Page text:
Memorandum by Dr Jamshed R Tata, National
Institute for Medical Research
The central premise that embedding NIMR in a
clinical centre in central London would somehow enhance its research
capability and cost effectiveness is flawed. This is borne out
by examples of the impressive clinical applications, mentioned
below, of the research carried out by this institute at its present
Mill Hill location, and which is further supported by applications
of similar research carried out at other biomedical research institutions
not co-located with clinical centres. Good science, whether or
not it is undertaken at clinical research centres, has always
led to useful medical applications. Finally the financial, staffing
and management consequences of moving a major institution to the
centre of a large metropolis goes against much of the current
thinking about moving to city centres.
1. The central premise is flawed
The central premise that co-locating the NIMR
with a major clinical institution in the heart of London would
enhance its research capability, and hence its clinical value,
is unfounded. This is clearly borne out by the Institute's contributions
since it has been established at its Mill Hill site. I cite here
just a few examples in support of this issue:
(a) Sir Christopher Andrewes (himself a clinician
and a past Deputy Director of NIMR) has said that, had he accepted
the offer of establishing a department at a central London clinical
centre before deciding to join the NIMR, he might not have discovered
the influenza virus at NIMR, work which later led to the development
of flu vaccine and the discovery of interferon in his laboratory.
(b) The isolation and determination of the
structure of penicillin by Sir Ernest Chain at the NIMR during
the Second World War, accompanied by collaboration with clinical
(c) The work of Sir Henry Dale (a past Director
of NIMR) and Prof Willy Feldberg's work on neurotransmitters has
had a most profound impact on the discovery and use of drugs in
(d) Prof Rodney Porter's elucidation of the
structure of antibody at the NIMR, work for which he was awarded
the Nobel Prize and before he moved to a clinical/academic centre,
opened up a very fruitful branch of immunology.
One can cite several examples of equally important
contributions coming from independent biomedical research institutions,
collaborating with, but not co-located with, hospital-medical
(a) Sir Peter Medawar's work on tissue transplantation,
first at Universities of Oxford and London and then continued
at NIMR (as Director) was later taken up in many clinical centres
throughout the world.
(b) Robert Edwards' (an ex-NIMR scientist)
work on in vitro fertilisation, in partnership with Patrick
Steptoe at a Manchester hospital, carried out at a university
science department led to the birth of Louise Brown, the first
(c) The development of monoclonal antibodies
by Cesar Milstein's group at the MRC's own Laboratory of Molecular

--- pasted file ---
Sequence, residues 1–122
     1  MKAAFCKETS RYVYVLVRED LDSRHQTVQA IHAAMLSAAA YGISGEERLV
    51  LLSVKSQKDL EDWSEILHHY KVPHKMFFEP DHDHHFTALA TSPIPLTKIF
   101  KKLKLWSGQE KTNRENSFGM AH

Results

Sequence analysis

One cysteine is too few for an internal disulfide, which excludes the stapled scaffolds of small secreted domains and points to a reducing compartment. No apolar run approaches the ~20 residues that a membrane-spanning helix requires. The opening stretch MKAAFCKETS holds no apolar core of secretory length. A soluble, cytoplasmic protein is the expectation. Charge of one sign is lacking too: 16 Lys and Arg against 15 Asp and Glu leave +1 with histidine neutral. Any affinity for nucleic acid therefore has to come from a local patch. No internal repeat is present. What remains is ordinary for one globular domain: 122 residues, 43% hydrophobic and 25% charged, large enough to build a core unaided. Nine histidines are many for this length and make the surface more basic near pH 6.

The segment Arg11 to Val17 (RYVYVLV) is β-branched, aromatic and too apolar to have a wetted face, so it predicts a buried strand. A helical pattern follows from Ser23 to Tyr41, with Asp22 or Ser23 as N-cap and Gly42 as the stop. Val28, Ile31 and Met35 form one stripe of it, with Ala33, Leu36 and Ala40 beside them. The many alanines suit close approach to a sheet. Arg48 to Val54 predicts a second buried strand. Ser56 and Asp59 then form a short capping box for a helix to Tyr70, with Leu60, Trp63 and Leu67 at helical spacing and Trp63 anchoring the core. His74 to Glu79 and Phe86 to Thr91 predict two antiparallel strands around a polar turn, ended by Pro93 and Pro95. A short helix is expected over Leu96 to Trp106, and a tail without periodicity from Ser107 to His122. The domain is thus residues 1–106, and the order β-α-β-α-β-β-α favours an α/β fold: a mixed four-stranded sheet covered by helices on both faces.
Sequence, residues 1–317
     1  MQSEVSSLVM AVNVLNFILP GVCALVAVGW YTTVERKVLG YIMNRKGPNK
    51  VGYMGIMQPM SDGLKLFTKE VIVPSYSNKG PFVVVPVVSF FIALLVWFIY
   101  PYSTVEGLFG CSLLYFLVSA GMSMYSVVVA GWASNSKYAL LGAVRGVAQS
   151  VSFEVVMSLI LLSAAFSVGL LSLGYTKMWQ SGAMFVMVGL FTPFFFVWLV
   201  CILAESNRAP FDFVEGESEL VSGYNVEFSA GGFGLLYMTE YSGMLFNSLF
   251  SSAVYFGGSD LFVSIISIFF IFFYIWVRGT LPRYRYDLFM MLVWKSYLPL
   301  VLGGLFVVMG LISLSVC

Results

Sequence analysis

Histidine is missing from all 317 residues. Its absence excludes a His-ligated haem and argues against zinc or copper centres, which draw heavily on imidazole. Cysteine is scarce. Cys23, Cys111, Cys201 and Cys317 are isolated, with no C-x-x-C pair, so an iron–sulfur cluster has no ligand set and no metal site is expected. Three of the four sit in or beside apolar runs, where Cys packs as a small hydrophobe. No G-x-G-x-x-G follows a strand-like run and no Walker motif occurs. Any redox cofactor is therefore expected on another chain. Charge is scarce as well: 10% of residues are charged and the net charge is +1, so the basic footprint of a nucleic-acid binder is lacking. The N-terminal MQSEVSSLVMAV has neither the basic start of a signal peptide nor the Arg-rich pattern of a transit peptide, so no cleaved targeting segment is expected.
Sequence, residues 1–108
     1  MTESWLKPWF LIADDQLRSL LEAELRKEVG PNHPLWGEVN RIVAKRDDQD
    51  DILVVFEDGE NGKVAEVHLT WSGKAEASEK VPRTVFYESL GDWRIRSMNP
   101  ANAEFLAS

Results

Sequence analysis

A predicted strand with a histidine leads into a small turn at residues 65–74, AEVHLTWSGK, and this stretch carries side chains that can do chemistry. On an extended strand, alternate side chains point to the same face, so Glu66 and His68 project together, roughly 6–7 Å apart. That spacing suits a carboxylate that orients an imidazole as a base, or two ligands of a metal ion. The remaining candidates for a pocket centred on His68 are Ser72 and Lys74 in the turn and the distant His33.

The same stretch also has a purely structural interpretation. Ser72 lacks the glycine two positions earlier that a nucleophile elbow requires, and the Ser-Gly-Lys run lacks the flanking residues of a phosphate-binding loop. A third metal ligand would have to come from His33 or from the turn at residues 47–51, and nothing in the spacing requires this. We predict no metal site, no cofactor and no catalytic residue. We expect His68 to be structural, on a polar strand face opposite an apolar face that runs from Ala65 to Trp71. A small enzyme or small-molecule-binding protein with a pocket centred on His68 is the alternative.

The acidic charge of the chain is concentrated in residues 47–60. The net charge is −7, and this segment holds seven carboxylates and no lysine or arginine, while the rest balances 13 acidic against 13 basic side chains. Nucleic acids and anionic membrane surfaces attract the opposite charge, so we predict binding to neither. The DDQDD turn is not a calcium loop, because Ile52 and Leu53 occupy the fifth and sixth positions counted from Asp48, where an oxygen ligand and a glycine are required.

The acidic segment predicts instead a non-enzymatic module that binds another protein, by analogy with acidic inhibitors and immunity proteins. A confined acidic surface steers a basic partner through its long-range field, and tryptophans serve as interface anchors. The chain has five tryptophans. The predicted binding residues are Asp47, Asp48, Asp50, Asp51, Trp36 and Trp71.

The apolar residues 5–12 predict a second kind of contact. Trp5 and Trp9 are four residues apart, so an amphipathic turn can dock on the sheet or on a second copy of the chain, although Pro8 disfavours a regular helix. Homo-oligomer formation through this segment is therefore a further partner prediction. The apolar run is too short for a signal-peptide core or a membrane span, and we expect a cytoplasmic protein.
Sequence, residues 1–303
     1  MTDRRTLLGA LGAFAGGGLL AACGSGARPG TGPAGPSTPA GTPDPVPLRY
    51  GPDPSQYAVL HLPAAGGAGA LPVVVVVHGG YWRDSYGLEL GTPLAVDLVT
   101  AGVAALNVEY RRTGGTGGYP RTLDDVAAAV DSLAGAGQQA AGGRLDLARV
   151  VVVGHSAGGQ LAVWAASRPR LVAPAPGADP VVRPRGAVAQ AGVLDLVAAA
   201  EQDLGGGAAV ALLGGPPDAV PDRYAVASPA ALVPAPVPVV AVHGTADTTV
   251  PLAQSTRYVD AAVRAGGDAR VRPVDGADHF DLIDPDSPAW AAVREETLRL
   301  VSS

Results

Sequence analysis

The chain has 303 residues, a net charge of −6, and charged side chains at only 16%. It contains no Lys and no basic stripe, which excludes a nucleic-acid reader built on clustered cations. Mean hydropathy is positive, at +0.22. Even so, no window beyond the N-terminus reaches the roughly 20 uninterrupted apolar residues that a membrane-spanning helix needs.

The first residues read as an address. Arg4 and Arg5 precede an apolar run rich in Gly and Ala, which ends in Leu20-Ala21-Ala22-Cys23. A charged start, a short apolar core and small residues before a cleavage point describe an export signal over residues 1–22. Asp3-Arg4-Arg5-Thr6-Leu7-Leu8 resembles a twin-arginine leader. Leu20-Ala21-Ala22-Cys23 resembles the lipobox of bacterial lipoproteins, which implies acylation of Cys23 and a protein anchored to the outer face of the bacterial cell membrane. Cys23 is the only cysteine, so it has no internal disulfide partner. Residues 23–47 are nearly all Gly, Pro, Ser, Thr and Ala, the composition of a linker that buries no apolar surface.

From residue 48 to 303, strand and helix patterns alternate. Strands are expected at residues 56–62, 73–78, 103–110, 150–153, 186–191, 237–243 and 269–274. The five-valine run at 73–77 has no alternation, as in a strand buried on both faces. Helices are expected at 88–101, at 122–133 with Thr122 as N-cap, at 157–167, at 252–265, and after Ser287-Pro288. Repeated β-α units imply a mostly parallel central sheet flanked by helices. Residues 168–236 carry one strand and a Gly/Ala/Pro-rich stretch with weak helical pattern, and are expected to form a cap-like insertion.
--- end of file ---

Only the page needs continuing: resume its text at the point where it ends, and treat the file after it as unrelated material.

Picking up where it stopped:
Biology in Cambridge has had an immense impact on biotechnology
and clinical practice.
(d) DNA fingerprinting, invented by Sir Alec
Jeffreys in a science department at Leicester University is another
(e) The technology of Nuclear Magnetic Resonance
(NMR) imaging, which has revolutionised diagnostic medicine and
surgery, was initiated in a non-clinical laboratory at the University
of Nottingham and an industrial R&D centre in the USA.
(f) The importance of Barbara McClintock's
studies on inheritance in maize at Cold Spring Harbor Laboratory
in the USA on human genetics.
(g) Finally, one can cite the countless important
clinical applications of research carried out at such institutions
in the USA as Massachussetts and California Institutes of Technology
(MIT and Caltech) and The Rockefeller University, which are not
embedded in clinical centres.
2. Good basic science produces valuable applications
The point in mentioning the above examples is
simply that good fundamental science, wherever it is practised,
always leads to important applications. This is not to say that
clinical research at hospital/medical schools is unlikely to lead
to useful applications. But an inescapable conclusion that can
be drawn from biomedical research undertaken worldwide is that
there is an inherent advantage in conserving and nurturing independent
and detached research centres, encouraged to set up collaborations
with clinical centres.
The disruption caused by the proposed move seems
to have been deliberately minimised or ignored. It will be extensive
and is bound to have serious consequences in breaking up ongoing
collaborative projects within the NIMR and with external groups.
It is not difficult to predict that co-location to a central London
site, with all its problems, inherent in any metropolitan centre,
will cause the loss of staff (especially the promising, younger
members) and create difficulties in attracting their replacements.
Finally, there is no way to estimate the financial burden of undertaking
this proposal. Past experience with all public financing schemes
tells us that, whatever the reassurances to the contrary, the
final cost will be far in excess of what is initially suggested.
This can only lead to the abandonment of new ventures and seizing
new opportunities, which far outweighs the benefits that have
been suggested in the MRC's proposals for the future of NIMR.
22 November 2004